Sunday, January 25, 2015

Why we named our baby Sojourn

(this song is great with this post: https://www.youtube.com/watch?v=I_iY2RQWNzM) The story of choosing the name of our baby isn’t complicated. Jon just suddenly said it, maybe the second or third day after the birth. We had some girl names prepared that made our hearts sing, but none for a boy, so we took it slow. I was curled up with my laptop, having resorted to baby-name websites, and Jon was listing ideas as they came to him. I suggested Soren (after Kierkegaard) and that made Jon think of Sojourn. I loved it right away and we plugged it into the equations we were working out of possible first and middle names, and eventually we solved for X and Sojourn was it! I really have no business using math metaphors. I just wanted to explain the context of why I love the name Sojourn, and share the narrative connected with it, which is one tiny piece of the much larger story of how we moved through a transition of our faith.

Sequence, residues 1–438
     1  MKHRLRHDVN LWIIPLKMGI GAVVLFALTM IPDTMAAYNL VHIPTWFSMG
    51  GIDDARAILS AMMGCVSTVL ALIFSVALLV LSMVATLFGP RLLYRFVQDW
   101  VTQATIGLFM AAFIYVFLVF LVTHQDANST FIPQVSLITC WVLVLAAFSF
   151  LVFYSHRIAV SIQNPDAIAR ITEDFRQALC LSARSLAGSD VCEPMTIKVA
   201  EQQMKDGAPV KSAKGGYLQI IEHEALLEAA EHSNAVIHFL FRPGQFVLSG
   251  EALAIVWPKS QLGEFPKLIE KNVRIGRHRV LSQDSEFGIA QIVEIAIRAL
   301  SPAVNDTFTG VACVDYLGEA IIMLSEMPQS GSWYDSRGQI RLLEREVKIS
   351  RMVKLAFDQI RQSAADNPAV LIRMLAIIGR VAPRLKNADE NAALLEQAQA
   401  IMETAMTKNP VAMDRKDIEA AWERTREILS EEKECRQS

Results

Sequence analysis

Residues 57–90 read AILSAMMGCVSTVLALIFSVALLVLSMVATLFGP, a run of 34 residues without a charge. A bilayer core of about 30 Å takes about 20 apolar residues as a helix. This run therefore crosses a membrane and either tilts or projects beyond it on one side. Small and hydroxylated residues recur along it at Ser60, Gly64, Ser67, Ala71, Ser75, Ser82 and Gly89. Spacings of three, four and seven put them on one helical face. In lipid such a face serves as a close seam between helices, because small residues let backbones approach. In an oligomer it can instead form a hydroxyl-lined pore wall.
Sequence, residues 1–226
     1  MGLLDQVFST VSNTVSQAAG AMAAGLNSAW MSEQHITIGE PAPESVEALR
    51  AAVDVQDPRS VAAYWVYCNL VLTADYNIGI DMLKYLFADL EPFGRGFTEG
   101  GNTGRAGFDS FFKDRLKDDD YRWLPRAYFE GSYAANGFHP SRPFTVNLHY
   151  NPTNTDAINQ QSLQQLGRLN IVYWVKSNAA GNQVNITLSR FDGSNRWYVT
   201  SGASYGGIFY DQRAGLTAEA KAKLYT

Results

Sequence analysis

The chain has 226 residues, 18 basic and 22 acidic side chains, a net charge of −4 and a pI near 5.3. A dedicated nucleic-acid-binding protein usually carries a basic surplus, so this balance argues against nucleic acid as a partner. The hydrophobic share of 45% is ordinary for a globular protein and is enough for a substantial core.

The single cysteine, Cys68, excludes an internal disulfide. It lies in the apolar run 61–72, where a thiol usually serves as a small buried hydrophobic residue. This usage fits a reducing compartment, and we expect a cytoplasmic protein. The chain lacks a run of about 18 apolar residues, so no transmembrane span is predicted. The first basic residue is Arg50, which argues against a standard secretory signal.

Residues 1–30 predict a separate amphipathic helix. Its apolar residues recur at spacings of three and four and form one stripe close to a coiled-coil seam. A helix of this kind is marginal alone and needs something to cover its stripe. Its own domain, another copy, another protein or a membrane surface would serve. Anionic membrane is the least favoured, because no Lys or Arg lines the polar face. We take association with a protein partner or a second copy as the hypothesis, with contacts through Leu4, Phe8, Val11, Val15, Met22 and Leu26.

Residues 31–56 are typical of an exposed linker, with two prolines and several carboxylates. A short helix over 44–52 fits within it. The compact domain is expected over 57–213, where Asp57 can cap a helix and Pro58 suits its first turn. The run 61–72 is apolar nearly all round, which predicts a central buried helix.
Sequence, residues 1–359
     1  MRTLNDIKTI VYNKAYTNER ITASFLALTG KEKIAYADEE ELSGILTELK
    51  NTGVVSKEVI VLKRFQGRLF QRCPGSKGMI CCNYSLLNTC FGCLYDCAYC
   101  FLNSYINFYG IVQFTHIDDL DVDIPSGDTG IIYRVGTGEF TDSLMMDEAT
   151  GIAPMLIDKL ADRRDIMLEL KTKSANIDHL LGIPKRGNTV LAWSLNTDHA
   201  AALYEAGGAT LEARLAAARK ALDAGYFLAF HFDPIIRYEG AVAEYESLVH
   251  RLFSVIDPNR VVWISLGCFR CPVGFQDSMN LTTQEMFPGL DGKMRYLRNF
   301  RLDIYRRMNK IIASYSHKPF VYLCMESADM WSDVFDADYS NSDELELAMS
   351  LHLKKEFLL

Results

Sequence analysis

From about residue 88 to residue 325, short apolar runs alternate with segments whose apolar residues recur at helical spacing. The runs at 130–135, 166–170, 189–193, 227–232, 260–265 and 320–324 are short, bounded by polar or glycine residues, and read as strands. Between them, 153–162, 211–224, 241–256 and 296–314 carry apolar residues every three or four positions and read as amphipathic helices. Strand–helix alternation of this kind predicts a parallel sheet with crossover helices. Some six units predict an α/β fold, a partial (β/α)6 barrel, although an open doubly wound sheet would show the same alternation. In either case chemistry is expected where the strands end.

It came to pass a few years ago that my ideas and experiences caused me to question the gospel of Nothing Lost. This was never something I sought out or desired, but enough religious certainty had melted away that eventually I had to consider and confront my own mortality in a way that I never had before. Even as a child I was plagued by existential questions--"What if things change? What if I lose you? What if something bad happens to someone I love?" and I was gifted with confident reassurance like a calm hand on my forehead. I could keep everyone I loved, forever. I would exist, forever. Everyone who left found themselves in a place of beauty and healing. All pain had meaning, and there was no lasting cruelty, just trials we didn't understand yet. I clung to these ideas, believed in them thoroughly, rejected any challenge to them, pitied those who did not have my knowledge. But eventually, I no longer felt that my sense of joy and comfort at the prospect of continued existence, and devastation at the idea of Ending, had any bearing on objective reality. I grasped for reassurances that at one time would have seemed silly to me--what about near death experiences? Wasn't it a scientific fact that a human body weighed less after death, which could be implication of an eternal soul? I told my brother that I no longer believed I could receive an "answer" to a prayer about something as cosmic as life after death without feeling that my own hopes and desires would drive whatever feelings arose. How could I confidently trust that warm, pleasant feelings had any bearing on what existed externally of my own mind? This piece of my shifting faith terrified me. Suddenly the prospect of death opened up like a yawning hole in the floor in front of me, a horror. I remember laying between my two children, hands on their sleeping heads, and shaking and sobbing with the pain of my fear of losing them. I forced myself to imagine it, to feel the weight of the possibility. How could it be, how could it be? How could I feel so much and just go out like a light at the end? How could it be real that I might never live in my body again? I lived for a few weeks with this new sheer terror under my skin. I heard clients' stories and tragic news articles with more solemn ears. Questions I'd had resolved for decades and would have considered spiritually immature now floated up and were knocking at my brain. Why suffering? What is the purpose? How could human beings bear the devastation of loss? I told Jonathan how desperately I was seeking to feel comfortable again. "I feel like I've burned down my home, the only house I've ever lived in, and now I'm just wandering in the cold. And any other house, I could just burn that down, too." We were at a stoplight, he gazed out over the steering wheel, then turned to me. "Maybe we were never meant to live in houses. Maybe we were meant to explore." Between the bars of that metaphor was where I found the relief I was seeking--acceptance. Acceptance of the I Don't Know, holding space for hope, for mystery, but also for a possibility of a final parting, no unified purpose or plan for all the peoples who have ever lived. Rather than life becoming meaningless, as others had predicted it would if my faith changed, it was as though every thread of my existence and my conscious self became so much more dear and precious. An affirmation drifted across my awareness somehow and I think of it often "Accept that the present moment is all you will ever have." the practice of mindfulness I studied and worked on with clients became more than a coping mechanism, it was a deepening that showed me how I could more richly appreciate my life, more fully be "in" my life and "with" those around me. I began to feel the beauty of impermanence. One of my therapist mentors told me in the first months I was hired at the FSTC that the secret to happiness is three words, "Be Here Now" (also a Mason Jennings song). I have learned so much by attempting to live by those three words. I am my most grounded, most giving, most deeply loving self when I am able to be fully present in my life, recognize every moment as a sojourn, a short stay, and live it while I am living it. I can think of no reason that living mindfully and giving the present moment what it needs can be harmful in the event that we do continue to exist. Either way, our sojourn here on this "pale blue dot" is all we have for certain, and no one ever knows how long they will have before the seasons change again.